I’ve been trying to formulate this post for days – actually weeks now, if I’m being honest. I’ve written it in my head over and over again, and every time I’ve sat down to type it out, I’ve ended up closing out LiveWriter and moving onto something else instead. But I’m tired of putting it off, so I’m just going to word vomit this up on the page and post it.
For those of you that have been longtime HHR readers, you know that I’ve been dealing with a pretty nasty knee injury for the past 11 months. One that took five months and several doctors to diagnose.
Dear Knee, I hate you.
For any new readers, a very short synopsis of what happened was this: I ran the Houston Marathon in January of 2012 . It was [mostly] glorious. Four days after the marathon I experienced my first round of knee pain while running. That snowballed into me going on a very expensive emotional roller coaster for five months as I visiteddoctorafterdoctor trying to figure out what was wrong with me. I finally met my current sports doctor [who has been a serious bright spot in a very bleak year] and we went to work together on making me get better.
Dr. Hinson!! Whaaat uuuupppp!
Things have been [mostly] good since I started seeing him. The recovery process has been slow, but I’ve made serious strides forward – I even PRed at a 10k race – and I’m [mostly] physically pain free now when I run. The operative word being physically.
You know, just running with awesome form. No big deal.
Back in June, I registered for the Houston Marathon for 2013. I was pissed off and defiant towards my injury, and I wanted nothing more than to run the 2013 marathon in January as a big EFF YOU to my knee. I wanted to come back strong and proud, and I wanted to run a PR race. Lofty goal? Maybe. But I was determined.
What I didn’t take into account, however, was not my physical state, but my emotional one. Emotionally, I am completely wiped out. I’ve been trying for months to force myself out on the weekends to get in long runs, and – like with any marathon training cycle – it’s had its ups and downs. I suffered through a particularly nasty 20 mile run a couple weeks ago where I spent over four hours out trying to get through a run… and only three hours running. If you do the math on that one, there’s an entire hour in there where I was sitting on curbs trying to talk myself into finishing. An entire hour where I sent out text messages to Sean, who was an angel and tried to talk me off a ledge, and to my doctor, who assured me I was going to be A-OK.
When I finished that run I figured all I needed was to get past that one huge road block. Accomplishing running that 20 mile run, no matter how desperately I wanted to give up, was going to be the switch that turned the remainder of this training cycle into a breeze… or at least gave me the push I needed to power through it.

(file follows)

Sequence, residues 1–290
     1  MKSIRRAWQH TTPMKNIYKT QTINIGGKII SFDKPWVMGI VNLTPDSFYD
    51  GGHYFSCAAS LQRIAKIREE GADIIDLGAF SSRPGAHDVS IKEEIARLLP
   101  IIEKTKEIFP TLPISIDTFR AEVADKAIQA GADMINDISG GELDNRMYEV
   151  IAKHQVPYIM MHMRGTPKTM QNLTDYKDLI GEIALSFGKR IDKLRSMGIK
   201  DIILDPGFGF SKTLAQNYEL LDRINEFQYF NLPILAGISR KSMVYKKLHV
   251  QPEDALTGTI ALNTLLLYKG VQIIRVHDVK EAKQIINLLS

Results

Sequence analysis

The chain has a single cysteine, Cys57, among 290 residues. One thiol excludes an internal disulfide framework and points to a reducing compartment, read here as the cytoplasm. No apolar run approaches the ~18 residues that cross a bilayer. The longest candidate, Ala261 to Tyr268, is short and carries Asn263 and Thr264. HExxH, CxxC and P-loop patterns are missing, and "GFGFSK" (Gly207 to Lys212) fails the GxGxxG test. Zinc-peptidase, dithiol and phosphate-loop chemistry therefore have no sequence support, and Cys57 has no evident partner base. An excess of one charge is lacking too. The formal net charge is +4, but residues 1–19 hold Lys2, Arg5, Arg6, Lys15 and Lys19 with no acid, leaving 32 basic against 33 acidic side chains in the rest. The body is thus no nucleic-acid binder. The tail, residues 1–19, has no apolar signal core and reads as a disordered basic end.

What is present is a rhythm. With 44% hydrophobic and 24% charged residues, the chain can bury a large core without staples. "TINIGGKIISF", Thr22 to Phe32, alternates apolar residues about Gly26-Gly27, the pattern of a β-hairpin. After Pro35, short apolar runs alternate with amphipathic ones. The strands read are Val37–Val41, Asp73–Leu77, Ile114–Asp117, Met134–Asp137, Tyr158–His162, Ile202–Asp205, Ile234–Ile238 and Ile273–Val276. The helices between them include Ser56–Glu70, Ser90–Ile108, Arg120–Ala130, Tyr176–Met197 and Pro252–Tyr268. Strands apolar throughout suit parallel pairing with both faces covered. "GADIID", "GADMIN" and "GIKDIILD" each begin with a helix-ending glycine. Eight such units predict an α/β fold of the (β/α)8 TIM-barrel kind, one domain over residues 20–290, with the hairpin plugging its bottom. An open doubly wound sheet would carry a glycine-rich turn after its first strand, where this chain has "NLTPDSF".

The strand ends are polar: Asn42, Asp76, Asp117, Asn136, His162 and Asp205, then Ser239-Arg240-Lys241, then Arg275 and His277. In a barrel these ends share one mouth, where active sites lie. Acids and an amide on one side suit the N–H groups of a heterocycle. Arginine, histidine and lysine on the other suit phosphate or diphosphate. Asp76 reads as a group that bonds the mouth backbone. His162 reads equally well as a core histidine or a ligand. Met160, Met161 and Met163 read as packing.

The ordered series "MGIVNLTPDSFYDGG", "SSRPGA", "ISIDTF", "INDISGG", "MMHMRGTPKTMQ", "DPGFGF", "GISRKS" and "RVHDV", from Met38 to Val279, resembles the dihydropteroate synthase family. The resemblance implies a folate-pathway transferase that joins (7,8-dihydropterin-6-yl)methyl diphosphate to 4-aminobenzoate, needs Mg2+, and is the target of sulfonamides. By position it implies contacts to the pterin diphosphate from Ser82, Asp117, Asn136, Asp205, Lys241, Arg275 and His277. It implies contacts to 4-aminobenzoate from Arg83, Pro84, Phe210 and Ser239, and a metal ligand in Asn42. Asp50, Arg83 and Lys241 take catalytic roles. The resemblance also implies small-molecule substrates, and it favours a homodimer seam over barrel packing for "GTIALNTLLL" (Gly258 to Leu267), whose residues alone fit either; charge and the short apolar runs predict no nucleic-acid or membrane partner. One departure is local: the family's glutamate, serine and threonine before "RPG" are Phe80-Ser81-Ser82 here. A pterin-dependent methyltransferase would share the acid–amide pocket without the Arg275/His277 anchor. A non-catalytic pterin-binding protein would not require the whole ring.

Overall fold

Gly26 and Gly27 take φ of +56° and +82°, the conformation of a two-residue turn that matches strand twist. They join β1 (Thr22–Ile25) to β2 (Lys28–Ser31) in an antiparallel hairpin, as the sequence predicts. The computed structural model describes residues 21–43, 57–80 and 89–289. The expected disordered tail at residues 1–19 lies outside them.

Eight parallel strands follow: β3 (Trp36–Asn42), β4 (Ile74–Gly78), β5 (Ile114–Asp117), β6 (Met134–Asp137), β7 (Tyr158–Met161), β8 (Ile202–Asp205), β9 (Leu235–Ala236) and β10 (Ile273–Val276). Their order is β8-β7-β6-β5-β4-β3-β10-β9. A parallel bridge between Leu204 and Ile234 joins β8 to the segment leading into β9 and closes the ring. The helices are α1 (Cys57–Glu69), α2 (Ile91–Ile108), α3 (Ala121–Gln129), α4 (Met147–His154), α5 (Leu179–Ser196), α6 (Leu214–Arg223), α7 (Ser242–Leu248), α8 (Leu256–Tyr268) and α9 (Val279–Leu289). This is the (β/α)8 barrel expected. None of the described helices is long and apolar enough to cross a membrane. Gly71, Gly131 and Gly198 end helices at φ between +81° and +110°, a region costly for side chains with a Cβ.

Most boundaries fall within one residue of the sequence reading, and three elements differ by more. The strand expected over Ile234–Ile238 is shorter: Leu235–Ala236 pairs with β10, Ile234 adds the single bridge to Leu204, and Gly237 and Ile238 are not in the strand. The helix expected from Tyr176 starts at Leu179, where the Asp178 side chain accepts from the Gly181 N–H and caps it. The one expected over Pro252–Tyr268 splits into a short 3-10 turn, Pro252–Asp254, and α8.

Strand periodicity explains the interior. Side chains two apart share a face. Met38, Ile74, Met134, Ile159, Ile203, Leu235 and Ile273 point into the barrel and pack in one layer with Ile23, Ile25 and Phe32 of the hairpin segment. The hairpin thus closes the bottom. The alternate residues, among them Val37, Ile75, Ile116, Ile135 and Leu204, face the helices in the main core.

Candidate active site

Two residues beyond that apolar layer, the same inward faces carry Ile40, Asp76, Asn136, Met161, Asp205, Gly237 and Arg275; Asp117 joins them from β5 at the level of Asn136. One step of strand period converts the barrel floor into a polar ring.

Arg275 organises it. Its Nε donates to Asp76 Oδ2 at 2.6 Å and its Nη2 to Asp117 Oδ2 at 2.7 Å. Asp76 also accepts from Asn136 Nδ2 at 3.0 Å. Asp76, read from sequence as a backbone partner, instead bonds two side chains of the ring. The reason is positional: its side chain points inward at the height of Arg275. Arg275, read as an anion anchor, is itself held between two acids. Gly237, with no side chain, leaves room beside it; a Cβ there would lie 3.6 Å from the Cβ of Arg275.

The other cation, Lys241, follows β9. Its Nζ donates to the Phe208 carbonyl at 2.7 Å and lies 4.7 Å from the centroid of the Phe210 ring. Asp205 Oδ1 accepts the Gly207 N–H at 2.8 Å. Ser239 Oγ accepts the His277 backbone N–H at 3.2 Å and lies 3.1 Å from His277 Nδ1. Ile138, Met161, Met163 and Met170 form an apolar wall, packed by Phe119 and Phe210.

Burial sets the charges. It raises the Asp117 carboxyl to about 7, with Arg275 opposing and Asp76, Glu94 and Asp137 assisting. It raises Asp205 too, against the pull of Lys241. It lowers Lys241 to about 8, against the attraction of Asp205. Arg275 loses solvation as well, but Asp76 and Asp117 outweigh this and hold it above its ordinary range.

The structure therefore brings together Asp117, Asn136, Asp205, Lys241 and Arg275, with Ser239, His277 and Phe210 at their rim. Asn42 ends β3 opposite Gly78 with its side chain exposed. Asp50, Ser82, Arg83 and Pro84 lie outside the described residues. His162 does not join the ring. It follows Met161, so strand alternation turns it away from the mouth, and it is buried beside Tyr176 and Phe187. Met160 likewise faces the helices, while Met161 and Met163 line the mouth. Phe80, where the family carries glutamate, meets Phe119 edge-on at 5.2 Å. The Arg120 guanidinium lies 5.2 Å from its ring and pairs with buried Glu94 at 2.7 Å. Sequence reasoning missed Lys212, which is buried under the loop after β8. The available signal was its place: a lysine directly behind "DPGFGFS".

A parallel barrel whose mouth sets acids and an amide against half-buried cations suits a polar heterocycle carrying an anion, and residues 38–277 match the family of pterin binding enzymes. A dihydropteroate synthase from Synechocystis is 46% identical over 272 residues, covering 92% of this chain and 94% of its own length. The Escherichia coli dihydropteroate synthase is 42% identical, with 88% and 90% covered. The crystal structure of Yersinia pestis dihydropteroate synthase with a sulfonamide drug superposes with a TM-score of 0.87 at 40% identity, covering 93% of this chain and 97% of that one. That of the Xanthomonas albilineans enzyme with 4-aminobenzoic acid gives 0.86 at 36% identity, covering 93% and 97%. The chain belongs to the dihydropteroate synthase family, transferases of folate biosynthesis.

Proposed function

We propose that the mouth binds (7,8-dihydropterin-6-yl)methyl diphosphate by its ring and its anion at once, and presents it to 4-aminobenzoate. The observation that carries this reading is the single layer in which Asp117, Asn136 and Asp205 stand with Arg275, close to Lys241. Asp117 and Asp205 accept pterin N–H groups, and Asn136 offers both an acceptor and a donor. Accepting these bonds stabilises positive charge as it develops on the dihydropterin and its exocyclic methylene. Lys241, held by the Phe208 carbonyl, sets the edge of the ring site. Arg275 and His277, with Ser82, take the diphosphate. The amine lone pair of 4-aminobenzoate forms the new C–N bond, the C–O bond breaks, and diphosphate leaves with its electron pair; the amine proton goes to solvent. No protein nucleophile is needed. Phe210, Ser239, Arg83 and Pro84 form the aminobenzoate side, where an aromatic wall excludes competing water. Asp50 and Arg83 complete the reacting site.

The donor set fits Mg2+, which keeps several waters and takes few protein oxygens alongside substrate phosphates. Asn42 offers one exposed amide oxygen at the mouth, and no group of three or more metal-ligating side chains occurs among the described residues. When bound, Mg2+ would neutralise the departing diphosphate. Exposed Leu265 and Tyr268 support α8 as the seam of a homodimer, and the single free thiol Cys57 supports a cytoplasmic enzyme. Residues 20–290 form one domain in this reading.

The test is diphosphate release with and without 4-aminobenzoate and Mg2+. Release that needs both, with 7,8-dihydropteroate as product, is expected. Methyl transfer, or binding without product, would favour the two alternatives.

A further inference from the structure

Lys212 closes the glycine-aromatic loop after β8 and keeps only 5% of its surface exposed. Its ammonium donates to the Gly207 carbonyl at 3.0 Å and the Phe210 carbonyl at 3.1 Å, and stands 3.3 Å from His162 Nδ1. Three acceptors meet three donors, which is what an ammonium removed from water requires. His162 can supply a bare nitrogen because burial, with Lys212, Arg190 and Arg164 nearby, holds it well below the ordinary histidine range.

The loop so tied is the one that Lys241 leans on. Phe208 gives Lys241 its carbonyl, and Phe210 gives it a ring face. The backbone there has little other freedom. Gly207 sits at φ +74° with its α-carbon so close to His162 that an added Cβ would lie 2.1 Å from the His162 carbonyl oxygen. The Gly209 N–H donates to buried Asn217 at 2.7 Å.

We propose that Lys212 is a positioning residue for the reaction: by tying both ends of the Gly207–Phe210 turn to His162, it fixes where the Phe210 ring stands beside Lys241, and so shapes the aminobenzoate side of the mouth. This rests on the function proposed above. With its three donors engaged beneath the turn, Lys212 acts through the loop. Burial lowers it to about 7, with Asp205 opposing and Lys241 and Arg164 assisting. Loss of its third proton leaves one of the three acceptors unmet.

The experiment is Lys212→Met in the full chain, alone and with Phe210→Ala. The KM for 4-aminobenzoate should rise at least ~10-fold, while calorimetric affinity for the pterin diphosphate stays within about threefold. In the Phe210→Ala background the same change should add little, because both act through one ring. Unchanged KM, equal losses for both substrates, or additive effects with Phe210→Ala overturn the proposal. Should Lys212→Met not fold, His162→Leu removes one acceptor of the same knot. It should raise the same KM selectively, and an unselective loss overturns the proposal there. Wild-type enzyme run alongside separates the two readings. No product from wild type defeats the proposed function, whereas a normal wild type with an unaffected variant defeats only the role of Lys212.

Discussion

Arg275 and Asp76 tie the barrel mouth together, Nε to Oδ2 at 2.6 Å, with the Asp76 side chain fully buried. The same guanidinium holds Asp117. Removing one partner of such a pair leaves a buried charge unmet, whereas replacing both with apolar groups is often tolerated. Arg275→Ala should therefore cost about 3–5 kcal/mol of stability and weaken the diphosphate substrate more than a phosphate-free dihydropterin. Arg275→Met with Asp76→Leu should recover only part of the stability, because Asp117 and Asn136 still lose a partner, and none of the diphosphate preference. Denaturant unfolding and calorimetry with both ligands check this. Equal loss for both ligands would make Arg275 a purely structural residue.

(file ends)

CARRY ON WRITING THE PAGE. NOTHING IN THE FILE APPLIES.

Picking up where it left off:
Except it wasn’t. The next weekend I had a pretty great 15 mile run, and I was feeling confident going into the next 20 miler I was going to tackle.
And then last Saturday came and I got a mile – ONE MILE – into my 20 mile run and I quit. I never quit long runs. But it was fine, I was just going to run Sunday instead. Sunday, Sunday, Sunday… So Sunday morning I got up early and hit the pavement, determined to get in 20 miles.
By mile two I was mentally done. I struggled through two more miles before walking back to my house, feeling defeated and miserable.
Once I sat down on the bed next to a sleeping Sean and woke him up to talk, I knew exactly what I was going to say.
I’m not running the Houston Marathon in 2013.
I still haven’t decided entirely if I’m going to defer my entry or if I’m going to drop to the half. All I know is that my heart isn’t in running the full.
Running long has become a chore for me right now. I don’t look forward to it and I mentally spend every single step trying to convince myself to just take one more, and then one more. I never ran because I felt obligated to. I never wanted to cross a marathon off my bucket list. I ran because I loved it. Looking back at last year’s training for the marathon and this year’s training there is one marked difference: last year I was excited about every. single. long run. They may not have always gone how I wanted them to, but I was stoked to run them. This year, I dread them. And I don’t want running to be something that I dread. I don’t get paid to run, and as such, I want it to stay something that I do because I love it.
I’ve been pretty nervous about admitting that I’m not going to do the full. I feel like there have been so many people that have offered up their support to me, giving me encouragement to do all 26.2 miles, and I hate feeling like I’m letting them down or copping out of something I committed to. Sean has spent DAYS worth of time listening to me go back and forth and comforting me when I’ve cried my eyes out, each time letting me know that he supported me no matter what. When I proclaimed that I wanted to run it, he told me that was great. When I moped about having a crappy run, he reminded me that marathoning isn’t easy. When I cried because I wanted to love running and I just didn’t, he hugged me and told me that I needed to make sure that I loved it again. Dr. Hinson is another person who has unequivocally offered me his support and assured me that I am more than capable of running the 2013 marathon. And honestly, I think I am physically capable of running it. I just am mentally burned out. And anyone that marathons knows that having your mental game is half the battle of running 26 miles, if not more than that.